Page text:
Starbucks (SBUX 0.80%) elevated coffee drinking in the United States. It took espresso-based beverages and made them common, rather than something you mostly experienced in Italian restaurants or local coffee shops. The chain certainly did not invent the drink, but it made a version of a European-style coffee house a near-ubiquitous thing in its home market and is beginning to do so internationally.

More importantly for investors, the chain made it normal to charge $4 or more (sometimes a lot more) for a cup of coffee. The company took a popular product, got people to want to pay more for it, and built a sort of ritual around it.

That's a strong model for sustained success, and it's part of why Starbucks makes an excellent pick for your retirement portfolio.

CEO Kevin Johnson is at the company's Tryer Center.

Starbucks has created a testing lab called the Tryer Center. Image source: Starbucks.

It's a formula that works

Visiting a Starbucks, whether for a quick morning stop, a later-day visit, or multiple visits in one day, has become part of a routine for tens of millions of people around the world. That's because the chain offers an affordable indulgence. You may not be able to buy the car you want, wear the jewelry you would like to, or go out for a fancy dinner, but you can afford a latte, cappuccino, or anything else on the Starbucks menu.

Starbucks has a product line that's both diverse and unlikely to fall out of favor, and it also has operational edges. CEO Kevin Johnson has a technology background, and he has pushed the company to constantly refine its app. That has included being a leader in mobile ordering and payment.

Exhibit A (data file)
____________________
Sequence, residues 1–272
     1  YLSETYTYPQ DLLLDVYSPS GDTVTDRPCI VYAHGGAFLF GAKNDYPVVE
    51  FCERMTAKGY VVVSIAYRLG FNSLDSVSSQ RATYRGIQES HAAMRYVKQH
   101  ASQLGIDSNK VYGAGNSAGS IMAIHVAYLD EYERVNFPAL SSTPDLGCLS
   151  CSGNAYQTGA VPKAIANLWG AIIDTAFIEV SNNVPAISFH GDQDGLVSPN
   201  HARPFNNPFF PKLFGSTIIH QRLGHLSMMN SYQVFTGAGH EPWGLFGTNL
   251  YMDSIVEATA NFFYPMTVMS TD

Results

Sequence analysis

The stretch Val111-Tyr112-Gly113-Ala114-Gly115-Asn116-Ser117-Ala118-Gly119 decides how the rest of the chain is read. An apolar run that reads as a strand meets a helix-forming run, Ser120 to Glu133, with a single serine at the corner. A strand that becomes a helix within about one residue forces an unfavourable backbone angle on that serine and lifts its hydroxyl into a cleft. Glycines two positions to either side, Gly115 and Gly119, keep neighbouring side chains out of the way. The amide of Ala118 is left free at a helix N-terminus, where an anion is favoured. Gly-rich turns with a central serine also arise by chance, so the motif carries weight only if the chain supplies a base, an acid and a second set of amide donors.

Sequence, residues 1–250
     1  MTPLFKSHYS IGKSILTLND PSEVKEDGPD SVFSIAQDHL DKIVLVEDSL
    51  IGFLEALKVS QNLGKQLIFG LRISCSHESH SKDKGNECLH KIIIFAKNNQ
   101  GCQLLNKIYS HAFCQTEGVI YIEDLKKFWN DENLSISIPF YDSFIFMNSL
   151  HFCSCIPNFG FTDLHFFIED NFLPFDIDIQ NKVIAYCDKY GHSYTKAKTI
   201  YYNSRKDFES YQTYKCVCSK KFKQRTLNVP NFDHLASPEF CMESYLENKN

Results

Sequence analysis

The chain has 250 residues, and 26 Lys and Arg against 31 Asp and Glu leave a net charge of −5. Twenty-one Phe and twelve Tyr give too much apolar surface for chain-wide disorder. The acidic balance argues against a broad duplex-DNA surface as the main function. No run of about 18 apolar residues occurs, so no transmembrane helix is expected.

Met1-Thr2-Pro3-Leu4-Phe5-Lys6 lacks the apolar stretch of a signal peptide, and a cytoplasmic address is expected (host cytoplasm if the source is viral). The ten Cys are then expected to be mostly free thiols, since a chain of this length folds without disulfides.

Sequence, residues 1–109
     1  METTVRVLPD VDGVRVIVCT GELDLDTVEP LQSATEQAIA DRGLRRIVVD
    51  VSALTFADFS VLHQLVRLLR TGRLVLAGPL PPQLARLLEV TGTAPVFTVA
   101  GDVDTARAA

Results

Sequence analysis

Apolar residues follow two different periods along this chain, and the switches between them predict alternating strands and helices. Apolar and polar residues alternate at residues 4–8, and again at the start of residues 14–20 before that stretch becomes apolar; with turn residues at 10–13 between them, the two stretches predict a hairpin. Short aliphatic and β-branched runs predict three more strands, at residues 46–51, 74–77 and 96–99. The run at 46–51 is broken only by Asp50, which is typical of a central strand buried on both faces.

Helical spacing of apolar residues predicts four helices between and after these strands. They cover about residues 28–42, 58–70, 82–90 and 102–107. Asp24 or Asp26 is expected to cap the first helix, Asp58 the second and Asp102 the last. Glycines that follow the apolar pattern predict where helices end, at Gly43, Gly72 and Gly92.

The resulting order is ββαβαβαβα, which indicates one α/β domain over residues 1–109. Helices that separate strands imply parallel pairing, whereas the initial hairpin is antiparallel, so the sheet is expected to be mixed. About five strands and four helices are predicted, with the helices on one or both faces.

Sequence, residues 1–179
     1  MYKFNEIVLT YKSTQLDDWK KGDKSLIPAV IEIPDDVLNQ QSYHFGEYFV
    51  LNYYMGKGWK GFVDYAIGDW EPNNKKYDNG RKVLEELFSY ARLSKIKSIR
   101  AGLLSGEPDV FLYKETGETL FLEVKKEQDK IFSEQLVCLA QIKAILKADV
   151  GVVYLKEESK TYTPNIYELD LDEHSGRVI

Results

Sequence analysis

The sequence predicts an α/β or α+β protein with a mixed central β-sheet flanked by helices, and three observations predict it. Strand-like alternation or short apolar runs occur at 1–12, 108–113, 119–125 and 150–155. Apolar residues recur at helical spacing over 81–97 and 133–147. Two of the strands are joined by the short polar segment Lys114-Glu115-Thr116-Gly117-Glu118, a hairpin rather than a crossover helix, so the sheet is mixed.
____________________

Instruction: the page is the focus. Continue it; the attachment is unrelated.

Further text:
In recent quarters Johnson has also focused efforts on improving store efficiency. Some of that has involved using technology to take work -- like tallying inventory -- out of the hands of in-store employees. That allows them to spend more time making drinks or helping customers.

The chain has also invested heavily in the store experience, working on ways to get people their food and drinks as fast as possible. Those efforts have included launching a testing lab, the Tryer Center, and staffing it partly with people who also work in its stores.

Starbucks is a long-term, slow-growth play

The coffee chain has an expanding global presence, including thousands of stores in China. Its fast-growth days may be behind it in the U.S., but it has opportunities to grow sales in mature markets by adding premium products.

This stock makes sense for your retirement portfolio because it has a strong upside and limited risk. It's unlikely a major U.S. competitor will disrupt the brand since so many have tried and failed. There may be bumps in the road in China, but the company has established that its model works there, and in dozens of other countries around the world.

This isn't a sexy play, but it's a solid piece of your retirement portfolio that should rise over time while paying you a dividend -- $0.36 per share currently. That's a number the company can easily cover (it earned $1.12 per share in its most recent quarter) while still investing heavily in keeping its technical and operational advantages.